Clipped From Mt. Vernon Register-News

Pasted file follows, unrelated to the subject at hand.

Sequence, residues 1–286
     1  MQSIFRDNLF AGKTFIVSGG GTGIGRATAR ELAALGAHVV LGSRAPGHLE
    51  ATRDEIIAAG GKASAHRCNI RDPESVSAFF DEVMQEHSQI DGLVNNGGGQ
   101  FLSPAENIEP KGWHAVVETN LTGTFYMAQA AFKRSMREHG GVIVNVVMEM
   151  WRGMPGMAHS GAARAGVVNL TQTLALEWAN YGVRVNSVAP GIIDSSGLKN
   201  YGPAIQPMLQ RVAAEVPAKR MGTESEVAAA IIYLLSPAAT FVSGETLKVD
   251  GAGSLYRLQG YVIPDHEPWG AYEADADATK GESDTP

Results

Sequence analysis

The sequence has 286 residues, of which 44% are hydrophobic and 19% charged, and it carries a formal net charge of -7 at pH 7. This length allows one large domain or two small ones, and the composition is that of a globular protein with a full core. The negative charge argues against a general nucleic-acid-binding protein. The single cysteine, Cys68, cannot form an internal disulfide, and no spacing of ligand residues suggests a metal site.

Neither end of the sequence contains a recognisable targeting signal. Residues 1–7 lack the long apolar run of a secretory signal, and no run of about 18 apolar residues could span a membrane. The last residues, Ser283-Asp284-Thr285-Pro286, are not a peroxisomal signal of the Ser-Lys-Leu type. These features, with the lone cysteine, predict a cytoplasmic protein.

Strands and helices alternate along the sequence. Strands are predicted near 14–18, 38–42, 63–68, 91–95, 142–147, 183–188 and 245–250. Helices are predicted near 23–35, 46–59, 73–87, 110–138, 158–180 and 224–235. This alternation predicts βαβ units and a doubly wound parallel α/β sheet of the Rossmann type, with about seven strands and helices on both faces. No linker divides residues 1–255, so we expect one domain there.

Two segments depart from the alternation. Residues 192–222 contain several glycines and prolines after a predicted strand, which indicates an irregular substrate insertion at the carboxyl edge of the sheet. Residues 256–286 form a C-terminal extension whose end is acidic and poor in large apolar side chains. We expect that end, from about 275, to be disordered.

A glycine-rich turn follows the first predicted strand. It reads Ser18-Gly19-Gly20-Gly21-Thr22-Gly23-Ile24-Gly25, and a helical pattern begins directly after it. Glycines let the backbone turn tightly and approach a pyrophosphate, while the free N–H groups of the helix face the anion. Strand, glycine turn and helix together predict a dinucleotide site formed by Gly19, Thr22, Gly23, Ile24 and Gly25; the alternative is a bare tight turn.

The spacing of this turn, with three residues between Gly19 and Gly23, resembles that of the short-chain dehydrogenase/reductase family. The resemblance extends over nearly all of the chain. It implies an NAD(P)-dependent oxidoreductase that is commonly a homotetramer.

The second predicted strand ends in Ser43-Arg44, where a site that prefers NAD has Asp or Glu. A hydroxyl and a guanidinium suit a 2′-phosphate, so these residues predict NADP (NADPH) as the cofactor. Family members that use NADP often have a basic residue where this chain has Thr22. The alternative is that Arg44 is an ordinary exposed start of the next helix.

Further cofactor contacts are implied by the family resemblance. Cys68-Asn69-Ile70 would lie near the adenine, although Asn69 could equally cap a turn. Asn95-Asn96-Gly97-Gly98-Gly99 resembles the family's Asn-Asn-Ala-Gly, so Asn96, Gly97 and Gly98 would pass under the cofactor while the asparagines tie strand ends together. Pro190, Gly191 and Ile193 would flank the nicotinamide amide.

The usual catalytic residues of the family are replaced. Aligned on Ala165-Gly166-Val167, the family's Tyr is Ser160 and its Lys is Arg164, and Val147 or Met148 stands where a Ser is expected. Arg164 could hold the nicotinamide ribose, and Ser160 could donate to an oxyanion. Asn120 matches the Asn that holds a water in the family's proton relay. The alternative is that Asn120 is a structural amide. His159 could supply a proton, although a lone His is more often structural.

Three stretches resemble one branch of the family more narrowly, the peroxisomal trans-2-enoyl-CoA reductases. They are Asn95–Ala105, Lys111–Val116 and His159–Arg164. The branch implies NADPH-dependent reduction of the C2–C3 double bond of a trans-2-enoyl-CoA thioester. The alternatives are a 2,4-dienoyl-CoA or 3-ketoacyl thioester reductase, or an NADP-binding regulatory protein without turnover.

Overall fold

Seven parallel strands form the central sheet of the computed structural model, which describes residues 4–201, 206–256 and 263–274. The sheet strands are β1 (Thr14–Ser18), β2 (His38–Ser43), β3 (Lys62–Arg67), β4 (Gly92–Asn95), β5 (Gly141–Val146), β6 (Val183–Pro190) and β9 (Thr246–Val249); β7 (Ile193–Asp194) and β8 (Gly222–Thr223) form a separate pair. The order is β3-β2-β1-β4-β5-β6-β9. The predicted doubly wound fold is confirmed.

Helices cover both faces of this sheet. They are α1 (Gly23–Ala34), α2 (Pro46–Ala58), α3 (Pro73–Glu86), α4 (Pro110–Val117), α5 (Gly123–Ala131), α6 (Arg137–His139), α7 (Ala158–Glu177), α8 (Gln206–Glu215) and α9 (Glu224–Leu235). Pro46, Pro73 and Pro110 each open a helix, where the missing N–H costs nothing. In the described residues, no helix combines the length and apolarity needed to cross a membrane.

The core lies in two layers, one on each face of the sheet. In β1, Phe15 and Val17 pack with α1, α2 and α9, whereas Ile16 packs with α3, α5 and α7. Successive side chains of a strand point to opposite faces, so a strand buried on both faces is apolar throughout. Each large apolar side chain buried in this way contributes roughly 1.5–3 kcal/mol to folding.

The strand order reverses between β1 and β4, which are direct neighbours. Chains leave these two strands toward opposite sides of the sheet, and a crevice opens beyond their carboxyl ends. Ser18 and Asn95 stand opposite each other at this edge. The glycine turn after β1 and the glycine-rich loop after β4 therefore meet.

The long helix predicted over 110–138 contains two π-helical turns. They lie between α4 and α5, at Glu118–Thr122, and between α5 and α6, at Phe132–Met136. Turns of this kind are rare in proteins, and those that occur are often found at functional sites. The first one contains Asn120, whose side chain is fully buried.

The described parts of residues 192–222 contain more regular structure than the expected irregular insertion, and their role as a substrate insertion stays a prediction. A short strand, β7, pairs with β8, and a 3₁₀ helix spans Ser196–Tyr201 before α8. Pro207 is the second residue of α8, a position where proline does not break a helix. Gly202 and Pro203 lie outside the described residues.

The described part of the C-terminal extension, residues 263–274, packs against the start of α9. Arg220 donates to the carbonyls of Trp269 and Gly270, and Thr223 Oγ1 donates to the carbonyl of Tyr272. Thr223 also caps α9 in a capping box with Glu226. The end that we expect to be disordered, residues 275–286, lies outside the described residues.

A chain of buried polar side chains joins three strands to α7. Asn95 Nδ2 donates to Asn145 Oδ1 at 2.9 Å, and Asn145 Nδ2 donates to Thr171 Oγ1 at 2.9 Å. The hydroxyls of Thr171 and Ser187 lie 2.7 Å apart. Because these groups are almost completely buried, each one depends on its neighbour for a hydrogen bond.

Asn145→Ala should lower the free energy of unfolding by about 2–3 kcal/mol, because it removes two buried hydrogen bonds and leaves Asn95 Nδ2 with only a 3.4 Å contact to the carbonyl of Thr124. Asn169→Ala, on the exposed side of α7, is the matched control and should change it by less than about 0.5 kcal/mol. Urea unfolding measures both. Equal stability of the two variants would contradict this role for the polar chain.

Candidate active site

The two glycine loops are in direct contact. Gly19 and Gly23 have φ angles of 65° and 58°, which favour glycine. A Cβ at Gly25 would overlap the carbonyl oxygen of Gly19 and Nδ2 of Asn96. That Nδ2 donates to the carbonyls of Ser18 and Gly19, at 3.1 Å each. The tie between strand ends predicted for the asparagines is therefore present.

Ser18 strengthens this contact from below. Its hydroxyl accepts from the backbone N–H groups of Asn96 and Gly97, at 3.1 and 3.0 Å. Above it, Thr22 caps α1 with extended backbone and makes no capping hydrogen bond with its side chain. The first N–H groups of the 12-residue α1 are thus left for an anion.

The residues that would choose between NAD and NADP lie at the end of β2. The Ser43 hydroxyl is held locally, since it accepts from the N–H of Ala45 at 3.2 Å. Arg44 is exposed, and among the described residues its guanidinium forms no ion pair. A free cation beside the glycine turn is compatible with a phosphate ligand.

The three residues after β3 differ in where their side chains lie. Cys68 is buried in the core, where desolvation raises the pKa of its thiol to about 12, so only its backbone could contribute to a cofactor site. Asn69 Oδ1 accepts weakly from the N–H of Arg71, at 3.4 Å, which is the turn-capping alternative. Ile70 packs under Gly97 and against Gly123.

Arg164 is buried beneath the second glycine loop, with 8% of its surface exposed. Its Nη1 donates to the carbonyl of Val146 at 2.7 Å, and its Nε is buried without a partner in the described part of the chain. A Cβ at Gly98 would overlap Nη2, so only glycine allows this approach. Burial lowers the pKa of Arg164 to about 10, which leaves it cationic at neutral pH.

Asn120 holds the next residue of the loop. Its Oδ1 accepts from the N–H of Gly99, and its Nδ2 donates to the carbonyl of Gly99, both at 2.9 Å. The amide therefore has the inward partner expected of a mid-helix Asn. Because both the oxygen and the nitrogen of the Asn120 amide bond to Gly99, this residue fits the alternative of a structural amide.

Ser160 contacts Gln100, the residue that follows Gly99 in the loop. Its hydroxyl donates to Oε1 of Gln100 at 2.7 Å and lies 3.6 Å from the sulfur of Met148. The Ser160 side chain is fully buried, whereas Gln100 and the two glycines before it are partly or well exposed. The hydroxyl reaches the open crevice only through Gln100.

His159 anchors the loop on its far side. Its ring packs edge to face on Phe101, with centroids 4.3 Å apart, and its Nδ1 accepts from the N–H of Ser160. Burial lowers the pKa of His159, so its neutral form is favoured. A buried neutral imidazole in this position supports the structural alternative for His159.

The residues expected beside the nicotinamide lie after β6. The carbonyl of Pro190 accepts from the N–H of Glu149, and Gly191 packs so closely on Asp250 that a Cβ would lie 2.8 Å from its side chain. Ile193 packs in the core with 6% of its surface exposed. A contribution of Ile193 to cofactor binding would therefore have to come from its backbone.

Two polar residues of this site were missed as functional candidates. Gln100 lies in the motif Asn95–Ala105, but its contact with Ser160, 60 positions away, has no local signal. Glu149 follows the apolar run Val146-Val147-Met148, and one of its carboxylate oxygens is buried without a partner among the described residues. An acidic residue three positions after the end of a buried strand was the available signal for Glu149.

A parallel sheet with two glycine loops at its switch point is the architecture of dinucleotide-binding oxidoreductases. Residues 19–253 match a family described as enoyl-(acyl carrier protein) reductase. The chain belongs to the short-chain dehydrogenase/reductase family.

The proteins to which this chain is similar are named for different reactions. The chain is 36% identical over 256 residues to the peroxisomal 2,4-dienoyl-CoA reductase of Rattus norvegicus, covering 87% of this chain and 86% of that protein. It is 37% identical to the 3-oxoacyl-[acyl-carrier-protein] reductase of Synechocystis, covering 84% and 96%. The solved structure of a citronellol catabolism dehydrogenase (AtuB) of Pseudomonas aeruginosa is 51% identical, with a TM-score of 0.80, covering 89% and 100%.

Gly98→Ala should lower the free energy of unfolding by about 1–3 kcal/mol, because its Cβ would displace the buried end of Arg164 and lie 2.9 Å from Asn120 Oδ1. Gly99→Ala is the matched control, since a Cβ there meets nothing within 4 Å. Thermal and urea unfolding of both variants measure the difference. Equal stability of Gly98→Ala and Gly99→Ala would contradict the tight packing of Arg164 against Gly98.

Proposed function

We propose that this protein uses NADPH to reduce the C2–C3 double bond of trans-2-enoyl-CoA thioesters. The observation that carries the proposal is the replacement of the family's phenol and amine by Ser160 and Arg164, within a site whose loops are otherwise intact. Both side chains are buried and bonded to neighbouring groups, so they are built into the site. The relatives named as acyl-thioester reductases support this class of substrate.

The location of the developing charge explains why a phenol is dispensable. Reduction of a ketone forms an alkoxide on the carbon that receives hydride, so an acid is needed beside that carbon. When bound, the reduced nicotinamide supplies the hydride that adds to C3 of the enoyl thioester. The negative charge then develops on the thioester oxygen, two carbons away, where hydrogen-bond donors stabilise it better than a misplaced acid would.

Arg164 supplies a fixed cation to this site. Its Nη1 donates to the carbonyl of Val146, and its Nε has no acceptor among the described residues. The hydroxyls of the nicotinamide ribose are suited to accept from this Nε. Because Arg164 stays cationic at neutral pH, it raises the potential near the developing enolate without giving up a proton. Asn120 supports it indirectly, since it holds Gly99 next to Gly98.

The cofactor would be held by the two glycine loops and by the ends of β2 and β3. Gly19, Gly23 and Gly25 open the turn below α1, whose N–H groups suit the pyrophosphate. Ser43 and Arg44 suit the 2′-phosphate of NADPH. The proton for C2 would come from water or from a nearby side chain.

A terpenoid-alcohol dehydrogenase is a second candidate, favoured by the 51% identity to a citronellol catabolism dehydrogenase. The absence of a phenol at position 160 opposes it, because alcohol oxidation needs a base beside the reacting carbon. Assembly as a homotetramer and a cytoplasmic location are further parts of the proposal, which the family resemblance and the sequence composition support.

Original 'Boy Wonder of Electronics' Traces Long Career From AC to X-Ray •y DICK KLIINER NEA Stiff Corr*>pond«nt MEW YORK — When William Dubilier was 12, his home was robbed. The thief didn't know it, but he did mankind a great service. The robbeiy turned Dubilier into an inventor, a 50- year career that has resulted in hundreds of inventions— starting with a home-made burglar alarm. And now, 500 patents later, Dubilier is being honored with the first Gano Medal to bo awarded by the Cooper Union Alumni Association. It's a tribute to his "outstanding professional achievement." Dubilier's greatest creation was the mica condenser, which made possible radios ir. airplanes, boats, trains —and eliminated (he need for batteries. The conden .'ier industry' he started now employ.^ over 100,000 people and does in annual business in the hundreds of millions. "I was working on a wircle.'^s telephone," he says, "and the only condensers then in me wei*e big glass jars. They were too big for the set I wanted to build, and they'd break in an airplane. So I had to find something else." •o- -o- •»• He knew tiiat mica was a better insulator than glass, but all the textbooks said it couldn't be used in a conductor. "Those two facts were contradictions," Dubilier says. "It took me several years to figure out how it could be done, but I finally did it." While still in his 20s, he demonstrated his wireless telephone to the British admiralty. They asked him what kind of a condenser he used. He held up his little invention, then slammed it to the ground. "See, it doesn't break." he said. All British battleshps used Dubilier's radio during World War I. He was one of the original "boy wonders" of electronics. An East Side New York boy, he'd gone from home-built burglar alarm to being an "eltcrical contractor" at 15. He installed burg- Jar alarms in neighborhood stores —"one iob a week was better BALLROOM nx. JUNE Uih \MLLIA ,>r DUBILIER: By wireless phone, the first disc jockey. !h.=in the S3 I'd been making de- liverin.g groceries." -o- -o- -o- Then, at 16, he saw Maixwni demonstrate iiis radio. From then on, he was fascinated with the .i^ubjeet, .A.t 23, he built a wireless tplephone in Seattle that reached Tacoma and startled the wits out of West Coast telegraphers—his test voice transmissions were coming in on their telegraph sets. There was speculation in the paper as to whether the mystery transmissions were from Mai-s, He hitched up a phonograph to his telephone and began playing records. An enterprising Seattle amusement park operator charged 10 cents to listen, and Dublier unwittingly was the first disc .iockey. This was 1911. Emissaries of the Tsar saw his demonstrations and mduced him —with a SoO.OOO inducement — to come lo St, Petersburg and install a wireless telephone there. He went, but got tired of the court graft and blackmail and "escaped" to I.^ndon, The Russians sent secret police to kidnap him and bring him back, but he got the secret policemen drunk and called Scotland Yard. Tn '.'55, he was back in Russia— this time, at the in\ntation bf the Soviet government. But he still couldn't stand the Russian attitude, and quit after five weeks. Besides, he had to attend a Rus sian scientific meeting and listen while a Soviet scientist w.-is introduced as the in\'entor of the condenser—his invention, •o- -o- -o"I asked the director how they had the nerve to do that," he said. "And they told "ne. 'This gives them encouragement'.' Between and ;iriei' his Fviissian e.xcui'sions, Diitiilier has h e e n busily inventing and traxeliiic. He's just made his lO.'^th civssing of the Atlantic, ,\nd liis inventions keep piling up. lie 's currently perfecting >i method for cold uelding. .-Vniong his other achievements: one of the first electric heaters; the first airplane radio; a submarine detector; the fii-st AC-DC radio: the first inexpensive dental X-ray; and dozens of otliers. Some of his inventions have been technically sound but practical flops. One of his bi.ggcst di.s- appointments was a new kind of toy electric train track. Vtis two sons were great model railroad fans, but over one summer their track rusted. So he invented a new kind—rust-proof, bendable, more i-ealistic. "Rut the electric train eom- pan.v," he sa\s, "told me t'ney made their profits on track replacement. So they said no, they weren't interested." Now 67, Dubilier is a s h o r t, gray-haired, pleasant-face'd man with the air of somebody's favorite uncle. He still does some research, although he's cut down his activities. On the u'all in his office is this motto: "The Alibi Bird— lives in the land of empty promises, flies backward, sits on the eggs of opportunity and hatches out only hard luck." Dubilier has a!wa.\s flown forward. Offer Duty To Reserve Officers By associated PfC5^ WASHINGTON — aiie Navy said today it will accept up to 5,00Q qtjalified reserve offifors for limited tours of duty starting July 1. This nuinbei- is douhl.-' tlie quota during the current fiscal year. The Bureau of Personnel said the duty tours will be for two, three or four vcars.